What is Your MPIN & Why is it Important?

Sometimes, even the registration process for federal contracting can be overwhelming and seem like infinite acronyms — DUNS, UEI, CAGE, SAM, NAICS, SIC, MPIN. It’s understandable to get a headache just trying to remember what each of them stands for, but each is an important piece of the registration process if you want to get started in federal contracting. One of the most critical pieces, and one that you’re definitely going to need to remember though, is your MPIN.

What is an MPIN number?

MPIN stands for Marketing Partner Identification Number, and it is mandatory for all SAM registrants to create. The MPIN is nine characters in length, must contain both letters and numbers, and can’t have spaces or special characters.

Where it fits in with SAM registration

Once you have completed DUNS (or soon to be UEI) registration and go through SAM registration, you will be required to create your MPIN with the above criteria. Fortunately, while your SAM registration has to be renewed annually, your MPIN will not. You can change or update it if you’d like but there isn’t a requirement to do so.

What your MPIN is used for

If you think of your DUNS number as the unique identifier or “username” for your business, your MPIN is like your password. You use the MPIN that you create to log into government databases and applications to look for contracting opportunities. These sites include FBO.gov, Grants.gov, and more, and are essential to participating in the federal marketplace.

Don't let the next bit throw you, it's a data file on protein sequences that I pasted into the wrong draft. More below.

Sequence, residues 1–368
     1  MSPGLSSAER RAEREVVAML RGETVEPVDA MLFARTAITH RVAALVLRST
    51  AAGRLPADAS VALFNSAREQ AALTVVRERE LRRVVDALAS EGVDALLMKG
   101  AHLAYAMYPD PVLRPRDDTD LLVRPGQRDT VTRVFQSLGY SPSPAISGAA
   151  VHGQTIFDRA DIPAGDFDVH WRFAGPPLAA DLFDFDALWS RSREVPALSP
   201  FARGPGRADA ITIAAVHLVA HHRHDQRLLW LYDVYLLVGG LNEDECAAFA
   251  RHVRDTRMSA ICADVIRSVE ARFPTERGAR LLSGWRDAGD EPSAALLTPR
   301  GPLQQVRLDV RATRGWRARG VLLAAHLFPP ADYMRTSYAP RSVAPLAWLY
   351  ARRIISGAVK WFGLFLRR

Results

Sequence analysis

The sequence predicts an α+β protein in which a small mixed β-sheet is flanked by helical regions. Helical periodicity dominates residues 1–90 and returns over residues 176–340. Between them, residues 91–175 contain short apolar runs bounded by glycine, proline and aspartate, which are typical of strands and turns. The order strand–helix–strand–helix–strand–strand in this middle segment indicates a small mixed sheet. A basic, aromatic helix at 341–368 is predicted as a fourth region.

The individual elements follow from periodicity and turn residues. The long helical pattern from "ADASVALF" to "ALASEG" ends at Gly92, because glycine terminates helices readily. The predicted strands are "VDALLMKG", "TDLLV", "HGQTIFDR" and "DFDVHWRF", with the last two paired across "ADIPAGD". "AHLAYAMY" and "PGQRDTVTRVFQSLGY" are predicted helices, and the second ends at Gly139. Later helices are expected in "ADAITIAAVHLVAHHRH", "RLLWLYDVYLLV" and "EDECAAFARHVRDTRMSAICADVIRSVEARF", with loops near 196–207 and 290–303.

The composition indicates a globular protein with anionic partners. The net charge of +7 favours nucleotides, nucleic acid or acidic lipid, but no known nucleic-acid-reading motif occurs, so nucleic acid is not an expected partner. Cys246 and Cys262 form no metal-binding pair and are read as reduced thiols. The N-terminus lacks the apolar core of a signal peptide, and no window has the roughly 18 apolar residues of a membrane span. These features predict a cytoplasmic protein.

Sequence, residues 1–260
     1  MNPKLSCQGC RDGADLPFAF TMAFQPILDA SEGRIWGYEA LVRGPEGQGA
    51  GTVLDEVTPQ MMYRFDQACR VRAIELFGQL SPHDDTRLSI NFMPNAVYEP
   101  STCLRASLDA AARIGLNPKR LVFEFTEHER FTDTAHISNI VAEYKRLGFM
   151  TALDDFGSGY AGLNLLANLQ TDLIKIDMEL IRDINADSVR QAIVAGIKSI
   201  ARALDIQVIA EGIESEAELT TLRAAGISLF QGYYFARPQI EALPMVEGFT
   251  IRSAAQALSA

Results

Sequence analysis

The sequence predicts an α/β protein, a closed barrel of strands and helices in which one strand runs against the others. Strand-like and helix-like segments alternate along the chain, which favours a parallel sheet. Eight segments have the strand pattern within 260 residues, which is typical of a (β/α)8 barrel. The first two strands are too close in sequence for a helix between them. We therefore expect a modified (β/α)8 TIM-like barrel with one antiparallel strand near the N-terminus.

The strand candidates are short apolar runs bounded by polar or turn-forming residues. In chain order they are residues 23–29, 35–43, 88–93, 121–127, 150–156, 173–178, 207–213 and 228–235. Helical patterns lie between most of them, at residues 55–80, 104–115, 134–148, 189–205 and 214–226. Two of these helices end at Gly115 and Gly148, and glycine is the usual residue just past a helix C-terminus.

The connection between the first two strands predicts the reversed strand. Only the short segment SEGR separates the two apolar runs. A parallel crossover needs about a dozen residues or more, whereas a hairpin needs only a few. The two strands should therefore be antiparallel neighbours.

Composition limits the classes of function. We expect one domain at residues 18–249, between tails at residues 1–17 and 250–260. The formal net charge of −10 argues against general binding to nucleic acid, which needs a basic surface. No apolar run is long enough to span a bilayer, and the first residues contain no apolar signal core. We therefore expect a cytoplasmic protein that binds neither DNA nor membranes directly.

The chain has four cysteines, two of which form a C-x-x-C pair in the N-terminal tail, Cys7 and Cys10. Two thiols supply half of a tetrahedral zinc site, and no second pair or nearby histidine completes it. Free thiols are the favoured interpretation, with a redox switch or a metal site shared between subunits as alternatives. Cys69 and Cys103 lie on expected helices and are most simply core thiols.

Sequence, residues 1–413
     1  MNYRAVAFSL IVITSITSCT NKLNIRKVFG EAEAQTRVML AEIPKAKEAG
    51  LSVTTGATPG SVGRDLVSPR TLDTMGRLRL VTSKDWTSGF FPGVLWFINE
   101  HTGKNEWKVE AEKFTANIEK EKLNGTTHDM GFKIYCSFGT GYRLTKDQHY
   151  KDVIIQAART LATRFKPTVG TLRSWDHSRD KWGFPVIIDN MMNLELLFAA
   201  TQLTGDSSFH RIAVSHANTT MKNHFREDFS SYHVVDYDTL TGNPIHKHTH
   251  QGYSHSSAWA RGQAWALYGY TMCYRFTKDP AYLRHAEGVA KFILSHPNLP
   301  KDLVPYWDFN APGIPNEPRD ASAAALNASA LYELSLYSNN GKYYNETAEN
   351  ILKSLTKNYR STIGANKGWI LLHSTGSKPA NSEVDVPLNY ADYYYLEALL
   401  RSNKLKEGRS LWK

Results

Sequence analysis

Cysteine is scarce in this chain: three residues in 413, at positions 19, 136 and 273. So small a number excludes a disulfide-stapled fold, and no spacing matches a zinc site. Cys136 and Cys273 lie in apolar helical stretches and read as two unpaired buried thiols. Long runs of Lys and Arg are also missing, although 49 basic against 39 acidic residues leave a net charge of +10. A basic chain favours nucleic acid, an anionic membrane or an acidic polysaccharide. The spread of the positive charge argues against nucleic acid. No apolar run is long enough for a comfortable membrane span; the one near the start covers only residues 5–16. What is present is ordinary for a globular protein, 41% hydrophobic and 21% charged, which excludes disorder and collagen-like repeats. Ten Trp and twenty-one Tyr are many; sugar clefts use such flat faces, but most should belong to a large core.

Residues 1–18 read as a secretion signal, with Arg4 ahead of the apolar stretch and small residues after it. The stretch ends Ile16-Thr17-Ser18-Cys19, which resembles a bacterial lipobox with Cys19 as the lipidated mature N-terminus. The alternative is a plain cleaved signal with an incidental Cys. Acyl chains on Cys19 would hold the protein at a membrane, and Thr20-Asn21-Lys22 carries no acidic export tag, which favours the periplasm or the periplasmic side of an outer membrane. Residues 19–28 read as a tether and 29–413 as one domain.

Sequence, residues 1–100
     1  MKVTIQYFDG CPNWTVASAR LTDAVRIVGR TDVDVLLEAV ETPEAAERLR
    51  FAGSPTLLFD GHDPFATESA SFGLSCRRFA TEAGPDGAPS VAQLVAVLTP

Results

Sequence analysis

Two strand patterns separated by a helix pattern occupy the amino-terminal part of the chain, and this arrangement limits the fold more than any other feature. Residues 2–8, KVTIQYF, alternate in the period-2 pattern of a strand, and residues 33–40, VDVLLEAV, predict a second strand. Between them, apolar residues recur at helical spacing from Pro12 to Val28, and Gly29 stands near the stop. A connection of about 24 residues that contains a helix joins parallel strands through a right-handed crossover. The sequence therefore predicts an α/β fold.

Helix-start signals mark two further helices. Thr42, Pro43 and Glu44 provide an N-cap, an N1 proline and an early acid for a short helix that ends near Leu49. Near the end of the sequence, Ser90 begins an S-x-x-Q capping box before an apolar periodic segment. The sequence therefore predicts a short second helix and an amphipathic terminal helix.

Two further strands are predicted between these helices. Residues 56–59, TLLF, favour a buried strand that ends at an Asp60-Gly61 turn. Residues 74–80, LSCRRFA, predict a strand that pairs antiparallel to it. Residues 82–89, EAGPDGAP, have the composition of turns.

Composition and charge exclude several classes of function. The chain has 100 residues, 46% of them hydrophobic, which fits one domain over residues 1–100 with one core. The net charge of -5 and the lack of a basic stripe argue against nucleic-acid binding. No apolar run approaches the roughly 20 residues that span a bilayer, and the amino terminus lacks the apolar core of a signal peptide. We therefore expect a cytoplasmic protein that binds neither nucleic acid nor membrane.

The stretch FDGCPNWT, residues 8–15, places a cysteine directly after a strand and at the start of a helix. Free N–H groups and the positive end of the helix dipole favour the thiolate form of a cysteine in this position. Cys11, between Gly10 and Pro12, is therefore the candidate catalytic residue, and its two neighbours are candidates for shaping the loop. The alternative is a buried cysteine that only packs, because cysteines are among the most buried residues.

MPIN vs. CAGE Code

When you’ve completed your SAM registration, you receive both your MPIN as well as a CAGE Code, so sometimes these can be mixed up. Similar to a DUNS number in that it acts as a unique identifier for your business, a CAGE Code is assigned to each legal entity at individual physical addresses. MPINs, on the other hand, are used as a password and are created by you rather than having one assigned to you.

How to look up your MPIN

Once you’ve completed your SAM registration, you can find your MPIN if you forgot or need to verify it. Log into your SAM.gov account and click “View” across from where your DUNS number is displayed. From there, scroll down to the Points of Contact section and your MPIN will be at the bottom.

Don’t go through SAM registration on your own

The process and acronyms can get overwhelming and convoluted, so don’t put all the responsibility and stress on yourself. FAMR has a team of federal marketplace experts who can help guide you through registration and beyond to get the federal contracts you deserve.

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